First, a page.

Saturday, September 08, 2007

How do we know what to do?

Sometimes Christians can seem a little arrogant, claiming to know God's will for themselves, and sometimes for everyone else also.

All three of Sunday's lectionary readings for Mass provoke us to think a little deeper about certainty, risk, decision making.

The author of Wisdom (9:13-18b) kept on asking the right question....

For the corruptible body burdens the soul and the earthen shelter weighs down the mind that has many concerns. And scarce do we guess the things on earth ,and what is within our grasp we find with difficulty;

but when things are in heaven, who can search them out?

Really, who CAN know with certainty about things both earthly and heavenly? What DO we do with that relationship? that job? that heartache? that joy? that errant child? that troublesome thought?
Good question.

In our Second Reading Paul has written a letter asking the recipient to release Paul's friend Onesimus from slavery. He does so in order that Onesimus might help Paul out in his missionary journeys around Asia Minor. Apparently, this slave had run away from his master and was converted by Paul's preaching. Now Paul has sent the slave back to his Christian owner with his request. But notice the nuanced statement of the Apostle:

"...but I did not want to do anything without your consent,
so that the good you do might not be forced but voluntary."

Sure, Paul could have used his authority and the obvious moral certainty about freedom to force the owner to decide to release Onesimus. But he didn't. He respected the freedom of the other.

Good lesson for us.
God won't force our hands. He waits like the gentleman that He is, to be asked His opinion. We could do worse for our own selves.

But wait, there's more..... I knew we couldn't get off THAT easy. Life decisions can be tough.... and, as usual, Jesus is going to make them just a little bit more difficult...

I have to repeat the whole passage, its just THAT challenging, and THAT good.
Luke 14:25-33

Great crowds were traveling with Jesus,and he turned and addressed them,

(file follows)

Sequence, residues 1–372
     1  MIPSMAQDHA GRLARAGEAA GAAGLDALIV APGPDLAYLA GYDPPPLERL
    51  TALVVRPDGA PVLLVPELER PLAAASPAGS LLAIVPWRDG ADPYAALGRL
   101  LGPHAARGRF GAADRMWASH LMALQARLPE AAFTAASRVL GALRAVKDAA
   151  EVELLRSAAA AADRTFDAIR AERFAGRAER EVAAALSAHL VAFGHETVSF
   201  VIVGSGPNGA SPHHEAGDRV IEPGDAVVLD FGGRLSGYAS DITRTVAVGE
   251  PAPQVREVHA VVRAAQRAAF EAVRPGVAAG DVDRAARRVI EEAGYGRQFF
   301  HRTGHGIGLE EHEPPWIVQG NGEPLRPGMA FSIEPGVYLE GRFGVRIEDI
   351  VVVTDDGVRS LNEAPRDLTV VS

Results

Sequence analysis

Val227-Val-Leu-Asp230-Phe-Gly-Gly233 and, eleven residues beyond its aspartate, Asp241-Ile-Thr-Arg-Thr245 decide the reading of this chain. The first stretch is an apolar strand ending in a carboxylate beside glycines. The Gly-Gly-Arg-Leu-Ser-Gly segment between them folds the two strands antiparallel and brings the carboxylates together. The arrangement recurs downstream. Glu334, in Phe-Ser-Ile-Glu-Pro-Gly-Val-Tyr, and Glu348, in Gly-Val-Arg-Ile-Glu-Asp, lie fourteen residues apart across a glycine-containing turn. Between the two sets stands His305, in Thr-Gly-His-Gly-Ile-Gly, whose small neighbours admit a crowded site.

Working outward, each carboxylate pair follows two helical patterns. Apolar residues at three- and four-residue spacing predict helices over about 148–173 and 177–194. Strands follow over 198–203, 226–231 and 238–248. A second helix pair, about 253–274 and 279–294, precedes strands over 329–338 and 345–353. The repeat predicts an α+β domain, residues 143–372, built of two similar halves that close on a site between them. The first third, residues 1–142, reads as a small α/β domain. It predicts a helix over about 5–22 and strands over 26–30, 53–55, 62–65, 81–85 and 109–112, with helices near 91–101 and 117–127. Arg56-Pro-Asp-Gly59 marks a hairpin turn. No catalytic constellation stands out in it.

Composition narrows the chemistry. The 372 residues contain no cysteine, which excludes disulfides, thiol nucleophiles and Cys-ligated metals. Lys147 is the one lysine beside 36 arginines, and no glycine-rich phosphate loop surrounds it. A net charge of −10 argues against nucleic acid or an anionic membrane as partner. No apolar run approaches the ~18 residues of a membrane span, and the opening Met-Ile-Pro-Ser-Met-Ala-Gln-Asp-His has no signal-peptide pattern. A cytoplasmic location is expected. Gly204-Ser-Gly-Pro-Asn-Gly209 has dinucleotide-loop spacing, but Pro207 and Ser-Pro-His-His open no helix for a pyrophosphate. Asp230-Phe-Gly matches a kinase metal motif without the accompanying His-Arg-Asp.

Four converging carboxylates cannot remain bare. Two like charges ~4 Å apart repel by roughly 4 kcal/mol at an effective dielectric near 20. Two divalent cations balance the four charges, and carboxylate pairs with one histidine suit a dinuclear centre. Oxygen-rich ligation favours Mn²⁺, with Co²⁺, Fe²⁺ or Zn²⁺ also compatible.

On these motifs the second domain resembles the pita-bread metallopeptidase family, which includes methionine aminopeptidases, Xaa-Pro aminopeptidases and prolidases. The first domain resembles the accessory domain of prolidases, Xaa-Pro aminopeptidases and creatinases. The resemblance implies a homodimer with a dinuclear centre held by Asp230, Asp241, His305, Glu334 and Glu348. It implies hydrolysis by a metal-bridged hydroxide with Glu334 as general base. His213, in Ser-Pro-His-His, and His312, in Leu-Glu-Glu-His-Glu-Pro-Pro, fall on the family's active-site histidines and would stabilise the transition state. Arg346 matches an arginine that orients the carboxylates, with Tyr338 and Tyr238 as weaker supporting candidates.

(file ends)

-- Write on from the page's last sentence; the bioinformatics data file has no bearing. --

“If anyone comes to me without hating his father and mother,wife and children, brothers and sisters,and even his own life, he cannot be my disciple.
Whoever does not carry his own cross and come after me cannot be my disciple.
Which of you wishing to construct a tower does not first sit down and calculate the cost to see if there is enough for its completion? Otherwise, after laying the foundationand finding himself unable to finish the workthe onlookers should laugh at him and say,‘This one began to build but did not have the resources to finish.’

Or what king marching into battle would not first sit downand decide whether with ten thousand troops he can successfully oppose another king advancing upon him with twenty thousand troops? But if not, while he is still far away,he will send a delegation to ask for peace terms. In the same way,anyone of you who does not renounce all his possessions cannot be my disciple.”

The saying starts out tough, and gets tougher.
It seems that Jesus is really asking us to give up our relationships, our money, our decision making power, all that.... and to focus entirely on Him.
And maybe that's true. God is never content to be just a part of a well balanced life, as if he were a breakfast cereal, which needed toast and juice and maybe a little coffee in order to be "complete and nutritious."

But I think it's a much deeper and lengthier process than simply deciding that it all belongs to God and just chucking all responsibility away. Instead, to me this whole discipleship thing really begins when we face a tough decision in life , "what ARE we going to do with X?"

Then, and usually only then, does God give us the freedom of will to turn to Him- by admitting that we don't have any idea of what we are to do, and give him the preferential option we too often keep for ourselves.

What do YOU want me to do, Lord?

Tough ground to stand on. But high ground too. God, help us to arrive there.


Anonymous said...


I'm only astounded that we still don't realize how many in heaven rush to our aid in any woe. Our greatest Champion-er is the greatest Champion, and He has kept nothing to Himself.


Gabrielle said...

Phil, our priest today told us that he had recently been to a diocesan gathering of priests where this passage from Luke 14 was actually discussed. They were informed that we actually have an incorrect translation re "hating", and that it should be more along the lines of "prefer less". So then it becomes a little more apparent that this is a teaching on detachment, or Holy Indifference. Our love for God must be our first love, and all creatures and created things can then be loved in a perfect way, a way which brings glory to God. If our love for the Lord does not come first, then we will not have the "resources to finish"; we will not be able to come to "completion", in perfect Love.

Phil B. said...

I've realized since my conversion how large the Family is..... from deceased relatives, to saints, to angels...all helping us along like it says in Hebrews 12:1- the "cloud of witnesses"
an (unfortunately) well-kept secret in our time.

Phil B. said...


This reminds me of the Benedictine Rule's injunction to "prefer nothing to Christ." It's really a great mystery to me how detachment works... but it does. Ok- so now we have to go back to the Abandonment Prayer of Charles de Foucauld, which I return to again and again.